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'I Don't Know How to Keep Broadcasting': Afghan Media Members in Despair as Colleagues Flee

September 9, 2021
Daniel Dayan
3 min read
'I Don't Know How to Keep Broadcasting': Afghan Media Members in Despair as Colleagues Flee

Members of the media in Afghanistan have been living in fear ever since the Taliban came to power. In recent days more than a dozen reporters and crew members covering protests in Kabul and other Afghan cities were detained and in some cases viciously beaten by the Taliban.

The Taliban appears unable to live up to its initial promise to allow the press and broadcasters to continue their work. The mass exodus of journalists and closures are now posing a serious risk to the free flow of information within and from Afghanistan.

Reporters Without Borders (RSF) recently announced in a statement that of 700 female journalists it established were working in Kabul last year, only 100 have returned to work since the Taliban takeover. Meanwhile, many outlets are now struggling to recruit enough professionals to keep afloat.

Radio Sedaye Badghis in the northwestern Badghis province began broadcasting two and a half years ago. Since the fall of Kabul, it has lost eight employees. Some have left Afghanistan and others are reluctant to continue operating under the banner of the Islamic Emirate.

In an interview with IranWire, Abdul Razzaq Siddiqui, the head of the radio station, said he sees the future of free media under the Taliban as bleak. He himself is disappointed, and thinking of leaving Afghanistan: "We’ve stopped broadcasting since the government fell. One of the biggest reasons for the media shutdown is the lack of professional staff.”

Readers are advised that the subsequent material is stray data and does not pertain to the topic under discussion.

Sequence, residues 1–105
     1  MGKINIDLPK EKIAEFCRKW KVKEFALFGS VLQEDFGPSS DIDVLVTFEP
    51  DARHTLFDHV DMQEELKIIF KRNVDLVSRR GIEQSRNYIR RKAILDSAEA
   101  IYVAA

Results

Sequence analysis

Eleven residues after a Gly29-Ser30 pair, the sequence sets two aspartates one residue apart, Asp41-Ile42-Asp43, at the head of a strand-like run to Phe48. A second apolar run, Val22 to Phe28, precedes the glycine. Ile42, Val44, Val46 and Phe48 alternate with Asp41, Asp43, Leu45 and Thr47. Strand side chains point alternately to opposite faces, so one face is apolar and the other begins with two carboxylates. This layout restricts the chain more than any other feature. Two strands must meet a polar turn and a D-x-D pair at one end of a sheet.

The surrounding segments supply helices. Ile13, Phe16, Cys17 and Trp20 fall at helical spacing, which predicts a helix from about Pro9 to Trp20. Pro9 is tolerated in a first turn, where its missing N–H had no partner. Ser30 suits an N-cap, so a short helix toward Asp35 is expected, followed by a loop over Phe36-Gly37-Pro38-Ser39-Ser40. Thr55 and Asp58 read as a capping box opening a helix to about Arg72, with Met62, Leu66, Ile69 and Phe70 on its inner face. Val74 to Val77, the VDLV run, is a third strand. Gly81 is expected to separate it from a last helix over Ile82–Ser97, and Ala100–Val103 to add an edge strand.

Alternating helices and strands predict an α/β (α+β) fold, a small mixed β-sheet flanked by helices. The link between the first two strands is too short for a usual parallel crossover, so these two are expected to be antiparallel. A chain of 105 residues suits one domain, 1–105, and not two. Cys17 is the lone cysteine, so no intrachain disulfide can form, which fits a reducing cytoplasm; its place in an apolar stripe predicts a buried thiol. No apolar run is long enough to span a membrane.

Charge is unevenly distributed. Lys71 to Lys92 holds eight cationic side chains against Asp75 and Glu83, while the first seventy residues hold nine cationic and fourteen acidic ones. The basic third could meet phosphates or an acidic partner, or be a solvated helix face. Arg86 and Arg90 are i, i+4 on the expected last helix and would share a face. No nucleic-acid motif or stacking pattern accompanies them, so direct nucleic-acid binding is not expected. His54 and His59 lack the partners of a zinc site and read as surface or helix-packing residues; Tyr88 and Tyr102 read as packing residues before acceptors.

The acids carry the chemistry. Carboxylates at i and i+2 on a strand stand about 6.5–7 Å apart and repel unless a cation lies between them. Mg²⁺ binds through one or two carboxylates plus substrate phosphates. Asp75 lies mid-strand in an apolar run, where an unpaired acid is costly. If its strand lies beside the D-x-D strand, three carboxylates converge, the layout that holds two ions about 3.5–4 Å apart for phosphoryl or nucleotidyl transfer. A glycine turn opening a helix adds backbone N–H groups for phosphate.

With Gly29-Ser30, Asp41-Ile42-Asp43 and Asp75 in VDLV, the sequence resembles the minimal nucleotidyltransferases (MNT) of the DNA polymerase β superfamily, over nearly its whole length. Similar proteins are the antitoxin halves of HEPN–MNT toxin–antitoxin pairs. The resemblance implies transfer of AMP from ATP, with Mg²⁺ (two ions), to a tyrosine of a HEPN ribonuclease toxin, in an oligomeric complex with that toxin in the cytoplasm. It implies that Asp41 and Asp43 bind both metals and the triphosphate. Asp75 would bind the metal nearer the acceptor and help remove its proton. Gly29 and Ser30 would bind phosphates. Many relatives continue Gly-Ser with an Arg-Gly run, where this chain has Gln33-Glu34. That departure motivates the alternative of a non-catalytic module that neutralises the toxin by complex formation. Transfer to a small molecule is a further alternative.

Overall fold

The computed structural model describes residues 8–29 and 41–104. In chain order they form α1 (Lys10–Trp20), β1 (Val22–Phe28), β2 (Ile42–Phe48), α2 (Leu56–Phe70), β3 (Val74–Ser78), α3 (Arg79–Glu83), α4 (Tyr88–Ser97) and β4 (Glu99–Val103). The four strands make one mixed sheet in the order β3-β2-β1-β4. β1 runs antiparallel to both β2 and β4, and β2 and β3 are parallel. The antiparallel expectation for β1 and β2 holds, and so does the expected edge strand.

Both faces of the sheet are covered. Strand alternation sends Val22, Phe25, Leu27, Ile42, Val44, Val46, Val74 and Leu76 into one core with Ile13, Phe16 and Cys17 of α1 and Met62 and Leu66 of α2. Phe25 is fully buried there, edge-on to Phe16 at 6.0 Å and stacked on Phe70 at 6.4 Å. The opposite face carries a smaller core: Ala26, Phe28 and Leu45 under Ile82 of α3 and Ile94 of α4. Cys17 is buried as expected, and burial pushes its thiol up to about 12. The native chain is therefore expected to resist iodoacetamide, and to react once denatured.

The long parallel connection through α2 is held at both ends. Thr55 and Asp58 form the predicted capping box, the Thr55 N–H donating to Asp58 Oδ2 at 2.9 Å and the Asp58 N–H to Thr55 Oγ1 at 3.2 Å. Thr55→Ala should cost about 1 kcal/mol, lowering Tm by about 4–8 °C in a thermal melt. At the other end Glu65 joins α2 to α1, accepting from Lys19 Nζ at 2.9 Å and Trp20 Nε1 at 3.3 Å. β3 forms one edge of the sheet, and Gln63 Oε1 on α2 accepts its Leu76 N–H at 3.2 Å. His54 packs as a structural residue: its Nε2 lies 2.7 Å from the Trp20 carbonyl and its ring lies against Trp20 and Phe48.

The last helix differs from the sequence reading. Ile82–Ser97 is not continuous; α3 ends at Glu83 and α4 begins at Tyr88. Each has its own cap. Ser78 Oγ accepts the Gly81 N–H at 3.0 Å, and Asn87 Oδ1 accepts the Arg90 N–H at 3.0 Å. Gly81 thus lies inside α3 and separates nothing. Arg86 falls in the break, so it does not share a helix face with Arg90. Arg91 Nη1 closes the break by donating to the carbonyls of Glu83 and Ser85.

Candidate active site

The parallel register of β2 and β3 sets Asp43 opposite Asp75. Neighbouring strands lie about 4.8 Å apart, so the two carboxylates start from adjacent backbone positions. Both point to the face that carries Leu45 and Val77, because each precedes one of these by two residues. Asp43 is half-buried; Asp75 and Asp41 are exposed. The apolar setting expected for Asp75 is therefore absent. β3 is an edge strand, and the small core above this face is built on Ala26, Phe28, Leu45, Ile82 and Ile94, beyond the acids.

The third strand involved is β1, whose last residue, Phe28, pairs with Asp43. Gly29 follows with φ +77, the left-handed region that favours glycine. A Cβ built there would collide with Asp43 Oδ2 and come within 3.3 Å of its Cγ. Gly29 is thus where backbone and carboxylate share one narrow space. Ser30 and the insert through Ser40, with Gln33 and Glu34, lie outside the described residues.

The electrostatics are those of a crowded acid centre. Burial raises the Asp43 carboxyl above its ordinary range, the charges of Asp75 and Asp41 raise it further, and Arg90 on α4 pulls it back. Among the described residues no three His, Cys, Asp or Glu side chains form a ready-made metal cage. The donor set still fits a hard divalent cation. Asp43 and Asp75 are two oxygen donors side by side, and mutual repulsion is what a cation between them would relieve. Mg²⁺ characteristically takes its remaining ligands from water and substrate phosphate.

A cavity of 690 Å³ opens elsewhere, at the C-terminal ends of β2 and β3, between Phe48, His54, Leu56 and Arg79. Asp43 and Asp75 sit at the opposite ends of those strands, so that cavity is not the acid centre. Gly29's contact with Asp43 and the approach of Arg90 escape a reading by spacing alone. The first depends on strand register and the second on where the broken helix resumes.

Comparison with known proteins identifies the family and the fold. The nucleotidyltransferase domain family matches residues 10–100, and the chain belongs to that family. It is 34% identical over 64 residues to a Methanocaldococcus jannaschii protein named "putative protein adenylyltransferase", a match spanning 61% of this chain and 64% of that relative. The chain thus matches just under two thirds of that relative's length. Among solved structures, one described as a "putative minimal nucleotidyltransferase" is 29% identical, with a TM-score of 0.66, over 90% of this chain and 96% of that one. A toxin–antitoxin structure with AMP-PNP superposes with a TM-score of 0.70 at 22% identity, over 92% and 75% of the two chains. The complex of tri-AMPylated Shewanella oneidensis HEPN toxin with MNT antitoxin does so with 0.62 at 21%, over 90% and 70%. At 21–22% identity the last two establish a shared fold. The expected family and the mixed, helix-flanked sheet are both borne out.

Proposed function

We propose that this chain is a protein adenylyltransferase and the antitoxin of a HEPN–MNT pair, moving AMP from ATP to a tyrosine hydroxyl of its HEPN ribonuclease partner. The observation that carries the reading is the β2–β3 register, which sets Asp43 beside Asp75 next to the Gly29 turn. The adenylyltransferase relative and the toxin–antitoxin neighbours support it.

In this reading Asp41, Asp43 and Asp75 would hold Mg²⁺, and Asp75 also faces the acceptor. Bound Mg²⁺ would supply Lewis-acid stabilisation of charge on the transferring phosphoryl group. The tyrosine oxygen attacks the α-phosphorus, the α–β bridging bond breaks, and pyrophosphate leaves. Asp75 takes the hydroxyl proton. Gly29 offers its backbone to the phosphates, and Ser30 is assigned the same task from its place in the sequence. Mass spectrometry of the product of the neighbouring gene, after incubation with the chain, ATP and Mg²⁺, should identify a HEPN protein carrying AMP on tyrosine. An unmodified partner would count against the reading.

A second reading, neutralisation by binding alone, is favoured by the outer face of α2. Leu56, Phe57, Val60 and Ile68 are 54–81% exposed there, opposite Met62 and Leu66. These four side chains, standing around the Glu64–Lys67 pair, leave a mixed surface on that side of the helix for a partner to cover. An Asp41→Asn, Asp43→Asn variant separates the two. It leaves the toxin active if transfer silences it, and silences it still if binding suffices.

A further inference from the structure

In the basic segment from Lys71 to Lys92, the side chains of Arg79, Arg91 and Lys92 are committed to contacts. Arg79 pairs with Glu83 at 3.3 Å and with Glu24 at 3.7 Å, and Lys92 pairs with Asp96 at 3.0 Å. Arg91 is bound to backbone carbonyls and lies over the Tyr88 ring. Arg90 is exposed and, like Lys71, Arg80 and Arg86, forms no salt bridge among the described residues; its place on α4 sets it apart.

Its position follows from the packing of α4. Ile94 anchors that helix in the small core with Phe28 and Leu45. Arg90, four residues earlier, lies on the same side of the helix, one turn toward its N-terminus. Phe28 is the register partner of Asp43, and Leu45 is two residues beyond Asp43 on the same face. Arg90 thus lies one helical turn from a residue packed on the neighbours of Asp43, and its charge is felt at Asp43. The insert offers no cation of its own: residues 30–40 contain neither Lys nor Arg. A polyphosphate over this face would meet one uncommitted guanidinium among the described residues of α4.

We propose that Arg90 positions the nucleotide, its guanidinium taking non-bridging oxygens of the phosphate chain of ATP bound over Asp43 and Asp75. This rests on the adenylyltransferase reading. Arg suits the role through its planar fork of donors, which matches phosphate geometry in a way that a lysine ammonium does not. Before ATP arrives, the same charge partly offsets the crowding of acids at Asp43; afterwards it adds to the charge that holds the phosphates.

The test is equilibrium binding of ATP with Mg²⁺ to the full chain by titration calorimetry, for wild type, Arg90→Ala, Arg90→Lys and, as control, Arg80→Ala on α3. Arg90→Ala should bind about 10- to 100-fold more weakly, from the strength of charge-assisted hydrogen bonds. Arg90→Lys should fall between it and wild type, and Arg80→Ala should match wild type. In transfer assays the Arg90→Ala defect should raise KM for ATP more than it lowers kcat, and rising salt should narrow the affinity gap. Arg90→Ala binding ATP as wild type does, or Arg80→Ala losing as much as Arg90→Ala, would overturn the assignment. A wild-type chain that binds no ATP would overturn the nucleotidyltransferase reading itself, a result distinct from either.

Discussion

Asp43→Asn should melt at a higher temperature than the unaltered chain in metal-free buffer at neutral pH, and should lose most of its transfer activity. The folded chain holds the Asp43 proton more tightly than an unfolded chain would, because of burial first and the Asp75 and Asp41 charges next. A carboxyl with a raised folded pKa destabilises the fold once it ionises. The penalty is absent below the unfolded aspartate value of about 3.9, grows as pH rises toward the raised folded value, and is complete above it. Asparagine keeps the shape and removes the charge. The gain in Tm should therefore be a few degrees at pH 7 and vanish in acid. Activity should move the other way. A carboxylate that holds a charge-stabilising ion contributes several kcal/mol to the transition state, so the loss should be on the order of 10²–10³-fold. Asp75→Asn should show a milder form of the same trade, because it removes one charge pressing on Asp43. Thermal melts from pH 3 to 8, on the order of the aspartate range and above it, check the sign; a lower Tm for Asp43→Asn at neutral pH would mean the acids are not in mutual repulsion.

So far, the Taliban has not issued specific instructions for media activity. But the group's officials, including spokesman Zabihullah Mujahid, have said it should be in line with the Taliban’s version of Sharia law. Weeks ago the Taliban pledged to RSF to recognize media freedom and ensure journalists’ security, but there is little to no public confidence in this. Television was banned outright during the previous period of Taliban rule in the late 1990s, and only Sedaye Shariat radio station was allowed to operate in Kabul.

Seyed Zubair Sadat is the managing director of Taraghi TV in Herat. His channel, too, has come off air since the fall of the Afghan government. He told IranWire this was because he could no longer find so much as one professional staff member to work with him. “I do not know how to run my TV broadcasts,” he said in despair.

Sadat said many of his former media colleagues in Herat province are now in hiding, and trying to find a covert means of leaving the country. Of the more than 50 audio-visual media outlets that were operating in Herat before, he said, only five are still active.

Many of those who formerly worked in the Afghan media are still in shock. The trade that they built their lives on now looks set to irrevocably change, or be lost. Most never imagined the previous government would fall apart so easily, nor that the United States would hand them over to the Taliban as passively as it did. Some continue to work, but without their colleagues around them, they are fighting a losing battle.

This article was written by a citizen journalist under a pseudonym.

Related coverage:

Afghan Journalists Fear for Their Lives After Mass Arrests

Protesting Women of Herat and Kabul: We Will Never Submit to the Taliban

Low Turnout and Tension for Afghan Shiites at First Ashura Under the Taliban

Taliban Assures Iranian Foreign Ministry its Diplomats are Safe

Iran's Interior Ministry: Afghan Refugees Will be Turned Back at the Border

What Treatment Can Fleeing Afghans Expect From Iran?



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